Week of notes- Lymphatic System & Immune System
Week of notes- Lymphatic System & Immune System Biol 2230-001
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This 57 page Class Notes was uploaded by Madeline Notetaker on Thursday February 25, 2016. The Class Notes belongs to Biol 2230-001 at Clemson University taught by Dr. John Cummings in Spring 2016. Since its upload, it has received 41 views. For similar materials see Human Anatomy & Physiology II in Biological Sciences at Clemson University.
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Date Created: 02/25/16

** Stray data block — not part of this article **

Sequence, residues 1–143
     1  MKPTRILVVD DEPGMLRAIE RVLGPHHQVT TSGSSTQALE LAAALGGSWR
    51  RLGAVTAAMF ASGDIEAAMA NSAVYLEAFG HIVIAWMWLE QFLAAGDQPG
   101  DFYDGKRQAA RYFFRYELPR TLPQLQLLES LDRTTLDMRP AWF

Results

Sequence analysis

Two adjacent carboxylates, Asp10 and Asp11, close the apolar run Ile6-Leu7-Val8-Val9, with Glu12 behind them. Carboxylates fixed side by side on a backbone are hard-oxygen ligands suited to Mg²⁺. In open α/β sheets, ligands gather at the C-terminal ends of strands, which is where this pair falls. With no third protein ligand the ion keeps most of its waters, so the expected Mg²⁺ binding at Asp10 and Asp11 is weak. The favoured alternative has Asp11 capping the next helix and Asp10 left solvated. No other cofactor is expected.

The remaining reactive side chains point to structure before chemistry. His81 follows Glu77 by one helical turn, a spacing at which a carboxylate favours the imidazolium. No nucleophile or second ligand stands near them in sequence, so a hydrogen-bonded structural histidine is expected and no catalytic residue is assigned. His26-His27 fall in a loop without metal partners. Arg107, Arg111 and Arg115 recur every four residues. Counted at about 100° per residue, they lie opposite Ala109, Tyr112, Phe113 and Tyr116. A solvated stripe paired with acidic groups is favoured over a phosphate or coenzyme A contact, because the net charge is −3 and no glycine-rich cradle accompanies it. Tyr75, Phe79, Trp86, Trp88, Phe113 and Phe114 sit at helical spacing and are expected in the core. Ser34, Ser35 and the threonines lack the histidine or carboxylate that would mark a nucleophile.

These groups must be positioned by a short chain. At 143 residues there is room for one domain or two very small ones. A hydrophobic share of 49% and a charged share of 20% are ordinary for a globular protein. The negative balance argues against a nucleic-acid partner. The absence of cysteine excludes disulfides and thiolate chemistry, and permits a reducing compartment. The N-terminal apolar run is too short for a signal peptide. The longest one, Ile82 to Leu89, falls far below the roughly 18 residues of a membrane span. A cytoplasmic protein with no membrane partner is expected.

All exchanges between bloodstream and tissue have to go through interstitial space;lymphatic picks up fluids and returns them back to circulation. Lymphatic vessels Collect interstitial fluid Lymphoid tissues and organs Most are reticular connective tissue Organs like lymph nodes and spleen,tonsils Active cells provide immune function Lymph Fluid in lymphatic vessels Becomes part of plasma One-way flow toward heart Closed end circuit Smallest ones are called lymphatic capillaries Dead end capillaries Travels up until dumped into jugular veins near the heart Smallest vessels Formed by loosely overlapping endothelial cells 1 layer Very permeable pressure (when pressure higher ono outside,fluid flows in) “Mini valve” system Anchored by collagen filaments Found throughout entire body EXCEPT: Bones Teeth Nervous system Lymphatic capillaries of the intestines Site of digestion Large substances (like lipids) make it into lacteals Lymph here is called chyle Chyle is rich in fats compared to lymph other places Lymphatic capillaries Lead into Lymphatic collecting vessels Lymphatic collecting vessels Have 3 tunics (interna,media, externa) that are much thinner than vein tunics Also contain valves that prevent backflow (have more valves than veins Empty into lymphatic trunks Lymphatic trunks Collect from large regions of the body 5 major ones 1. Bronchomediastinal 1. Drains the middle of the thorax 2. Subclavian 1. Stuff coming out of upper limbs 3. Jugular 1. Stuff coming out of head 4. Lumbar 1. From lower trunk/extremities 5. Intestinal From abdominal cavity Lymphatic capillaries Lymphatic collecting vessels Lymphatic trunks Lymphatic ducts 2 larger structures Right lymphatic duct:drains head,upper arm,and thorax Thoracic lymphatic duct:drains rest of body Those 2 connect Valves Prevent backflow Muscular pump Activity of skeletal muscle pushes fluid Respiratory pump Low pressure when breathing moves fluid into cavity Arterial pumping Flow of blood through arteries can help Smooth muscle contraction Even though the tunica media with smooth muscle is thin,it still contracts Important in lymphatic trunks and thoracic duct Lymphocytes- All produced in red bone marrow Both involved in immune function Production is triggered by chemical secretions B cells:when encounter free floating cells,triggered to produce plasma that produces antibodies that attach to foreign cells to mark them to be destroyed T cells:directly attack and destroy foreign cells that have already invaded body cells and cause them to lyse Macrophages Monocytes that leave circulatory system Phagocytic cells Can activate t- lymphocytes Dendritic cells Also phagocytic Can also activate t- cells Reticular cells Produce stroma:a network that can hold other cells Proliferation site for lymphocytes Lymphocytes accumulate Made of reticular connective tissue except for in thymus Most are mesodermal in origin except for thymus Allows detection of infection or damage Lymph nodes Principal lymphatic organs of the body Have germinal centers with accumulation of lymphocytes Lymph passes through multiple nodes along a vessel Spleen Largest lymph organ Behind stomach Germinal components so allows for lymphocyte proliferation Site of blood cleansing Removes aged cells,defective cells,gets rid of platelets Recycles Lots of macrophages in spleen Produces red blood cells in an embryo (because they don’t have bone marrow to produce them) Thymus Active in embryos and newborns Functions to promote immunocompetency The ability to interact with something foreign Site where t-lymphocytes becomes immunocompetent Get specific receptors T onsils Gather and remove pathogens that are entering our body from food or air Found in oral and nasal cavities Peyer’s patches In distal part of small intestine Destroy bacteria in intestines Help produce memory cells Lymph enters via afferent lymphatic vessels (3) Bring lymph to node Filters through sinuses Past germinal centers, medulla Exits through efferent lymphatic vessels (2) at hilus Blood delivered via splenic artery Lymph filtered by lymphocytes in white pulp Fluid get pushed through white pulp Then filtered by marcophages in red pulp Red pulp surrounds white pulp Cleansed fluid returns to splenic vein to return to circulation Action most prominent in newborns Secretes thymosin and thymopoietin CausesT lymphocytes to become immunocompetent Palatine tonsils Largest At base of tongue,on each side of oral cavity Most likely to be infected and removed Lingual tonsils Under tongue Pharyngeal tonsil (adenoids) Single structure Posterior wall of nasal cavity Aka adenoids Tubal tonsils Surround Eustachian tube Follicles with germinal centers Crypts Dead end alleys that liquid or air gets in Crypts trap bacteria and particulates Bacteria pass through epithelium into lymphoid tissue Lymphoid tissue destroys pathogens Memory cells formed in case we encounter again Isolated clusters of lymphoid follicles Destroy bacteria in small intestine Generate memory lymphocytes Developing veins bud off lymph sacs at fifth week post conception First to form are jugular lymph sacs Connection to circularity system Also from vena cava and iliac veins These form branching system of lymphatic vessels Starts big and branches off Connection of jugular lymph sac with jugular veins become right lymphatic duct and thoracic duct Lymphoid organs develop from mesodermal mesenchyme that become reticular tissue and then migrate to different parts of body Except thymus which in endodermal in origin;outgrowth of pharynx Thymus is actually the first lymphatic organ to form and starts to accumulate lymphocytes before birth IMMUNE SYSTEM Not a normal organ system;instead it’s a functional system working to bring about a response:immunity 1. Prevents the entry of pathogens into body 2. Prevents spread of pathogens IMMUNE SYSTEMS Nonspecific immune system Attacks anything foreign (all substances) Aka innate immune system External body membranes Includes inflammatory response IMMUNE SYSTEMS Specific immune system Aka adaptive immune system Has individual cells that will only respond to certain substances Lymphocytes Ex: SUPERFICIAL NONSPECIFIC DEFENSES Skin Unbroken epidermis is a barrier Epidermal tissue does not have blood supply SUPERFICIAL NONSPECIFIC DEFENSES Mucous membranes Line all internal body cavities Create a physical barrier Also secrete mucus that can act like a trap Secretions that make an acidic environment Protein digesting enzymes Lysozyme INTERNAL NONSPECIFIC DEFENSES Phagocytes Macrophages Monocytes that have escaped circulation Neutrophils Can perform phagocytic functions once binds to foreign cells Eosinophils Attack internal parasitic worms INTERNAL NONSPECIFIC DEFENSES Mast cells Somewhat phagocytic but not really Has specific receptors on it,but is nonspecific because can bind to many things Once bound,ingests and kills them Mostly bacteria INTERNAL NONSPECIFIC DEFENSES Natural killer cells NK cells Not phagocytic,instead it lyses Attacks cancerous cells in body or cells that have been infected by virus Nonspecific because goes after anything that is not normal Another class of lymphocyte Circulate in bloodstream INTERNAL NONSPECIFIC DEFENSES Inflammation Symptoms: Redness- because more blood there due to dilation Swelling- because fluids have leaked out of capillaries Heat- because blood carries heat Pain- fluids put pressure on pain receptors Result of dilation of capillaries Causes more cells (in blood) to be delivered to area and keep foreign things from spreading INTERNAL NONSPECIFIC DEFENSES Antimicrobial proteins A protein that attacks microorganisms or interferes with their reproduction 2 examples: Interferon Chemical secreted by a cell infected with virus that protects neighboring cells Complement system More than 20 proteins that function in complement Blood proteins that promote inflammation when activated INTERNAL NONSPECIFIC DEFENSES Fever Elevation of entire body temperature Systemic response Interferes with replication of cells PHAGOCYTIC MECHANISM Phagocyte recognizes pathogen’s carbohydrate surface markers Our own cells have markers (called MHC markers),so anything different than that is recognized as foreign Enhanced via opsonization Antibodies attaching making it easier to identify Cytoplasmic extensions adhere to pathogen Called adherence Pathogen pulled inside cell in vacuole Called phagosome Lysosome binds with phagosome forming phagolysosome Lysosomal enzymes digest pathogen Can be aided by respiratory burst (the secretion of additional breakdown chemicals) Residual body formed and then expelled to be filtered NA TURAL KILLER MECHANISM NK cells detect infected or cancerous body cells through lack of“self” markers or presence of certain sugars Some abnormality on cell NK cells release perforins:a type of cytolytic protein that lyses cells by making holes in plasma membrane Channels appear in target cells and nucleus disintegrates Destroys cell INFLAMMA TOR Y MECHANISM Toll-like receptors (TLRs ) on macrophages recognize pathogens TLRs release cytokines (cell chemicals) Cytokines promote inflammation- tells capillary to dilate Chemical attractants- attractWBC to accumulate Other cells release other inflammatory mediator chemicals Like histamine,prostaglandins… Vessels in injured area dilate and increase permeability Hyperemia occurs as result of dilation hyperemia=excess blood Exudate accumulates causing edema (swelling) that leavesfluid with antibodies and clotting factors Edema dilutes foreign substances and brings oxygen and nutrients to area RESUL TS OF INFLAMMA TION Injured cells release leukocytosis-inducing factors Causes neutrophil release by red bone marrow Now we have a higher number of neutrophils in blood= “leukocytosis” RESUL TS OF INFLAMMA TION Loss of fluids slows blood flow locally RESUL TS OF INFLAMMA TION Inflammation causes production of selectins on endothelial cells neutrophilsind to Margination occurs Holding neutrophils at the wall of capillary at site of damage Neutrophils escape capillaries RESUL TS OF INFLAMMA TION Inflammatory chemicals act as chemotactic agents monocytes to areals and Monocytes follow neutrophils Monocytes become macrophages after leaving capillaries lysosomes than monocytes INTERFERON MECHANISM Cells infected by virus release interferon (IFN) IFNs diffuse to nearby cells Cause them to produce PKR protein PKR protein synthesis is stimulated PKR interferes with viral replication IFNs also activate macrophages and NK cells COMPLEMENT SYSTEM MECHANISM I Antibodies bind to pathogens Complement proteins bind to antibody- pathogen complexes Lysis,phagocytosis and inflammation result COMPLEMENT SYSTEM MECHANISM II Complement proteins bind directly to polysaccharide molecules on pathogens Lysis,phagocytosis and inflammation result FEVER MECHANISM Leukocytes and macrophages exposed to pathogens secrete pyrogens Pyrogens cause hypothalamus to raise body temp An increase in body temp causes less iron and zinc to be available Pyrogens elevate metabolic activity Another way to get heat is shivering ANTIGEN =Any substance that produces immune response;anything foreign ANTIGENIC PROPER TIES Immunogenicity Reactivity An antigen is reactive Antigenic determinants The components **The antigenic determinants are the reactive parts that give it immunogenicity MAJOR HISTOCOMPA TIBILITY COMPLEX Self antigens MHC Are not immunogenic to ourselves,but would be immunogenic to someone else CHARACTERISTICS OF SPECIFIC IMMUNITY Pathogen specific Each cell that we have will only interact with a certain foreign cell Not immediately active There is a time delay Systemic Not localized to one spot Provides“memory” Activation of specific immune cells causes production of more of those cells to that can interact with the antigen faster the next time it encounters PA THWA YS Humoral Interacting with antigens that are free floating in blood stream “Antibody mediated pathway” Antibodies do not kill antigen directly,just mark kill (complement protein or phagocytic cells) Uses B lymphocytes PA THWA YS Cell-mediated Our body cell has become infected and is attacked Kills it directly through cell lysis UsesT lymphocytes L YMPHOCYTE PRODUCTION All are produced by stem cells in red bone marrow Immature ones are identical until they mature L YMPHOCYTE PRODUCTION Produced by stem cells in red bone marrow T cells become immunocompetent in thymus Acquire receptors on surface to interact with specific antigens B cells become immunocompetent in bone marrow